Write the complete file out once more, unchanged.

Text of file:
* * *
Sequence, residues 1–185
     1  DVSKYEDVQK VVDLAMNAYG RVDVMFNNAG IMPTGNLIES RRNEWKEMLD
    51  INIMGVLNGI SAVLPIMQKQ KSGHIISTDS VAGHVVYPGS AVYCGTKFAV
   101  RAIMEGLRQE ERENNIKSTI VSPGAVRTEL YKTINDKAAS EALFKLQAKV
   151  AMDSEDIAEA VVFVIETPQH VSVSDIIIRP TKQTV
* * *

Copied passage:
Sequence, residues 1–185
     1  DVSKYEDVQK VVDLAMNAYG RVDVMFNNAG IMPTGNLIES RRNEWKEMLD
    51  INIMGVLNGI SAVLPIMQKQ KSGHIISTDS VAGHVVYPGS AVYCGTKFAV
   101  RAIMEGLRQE ERENNIKSTI VSPGAVRTEL YKTINDKAAS EALFKLQAKV
   151  AMDSEDIAEA VVFVIETPQH VSVSDIIIRP TKQTV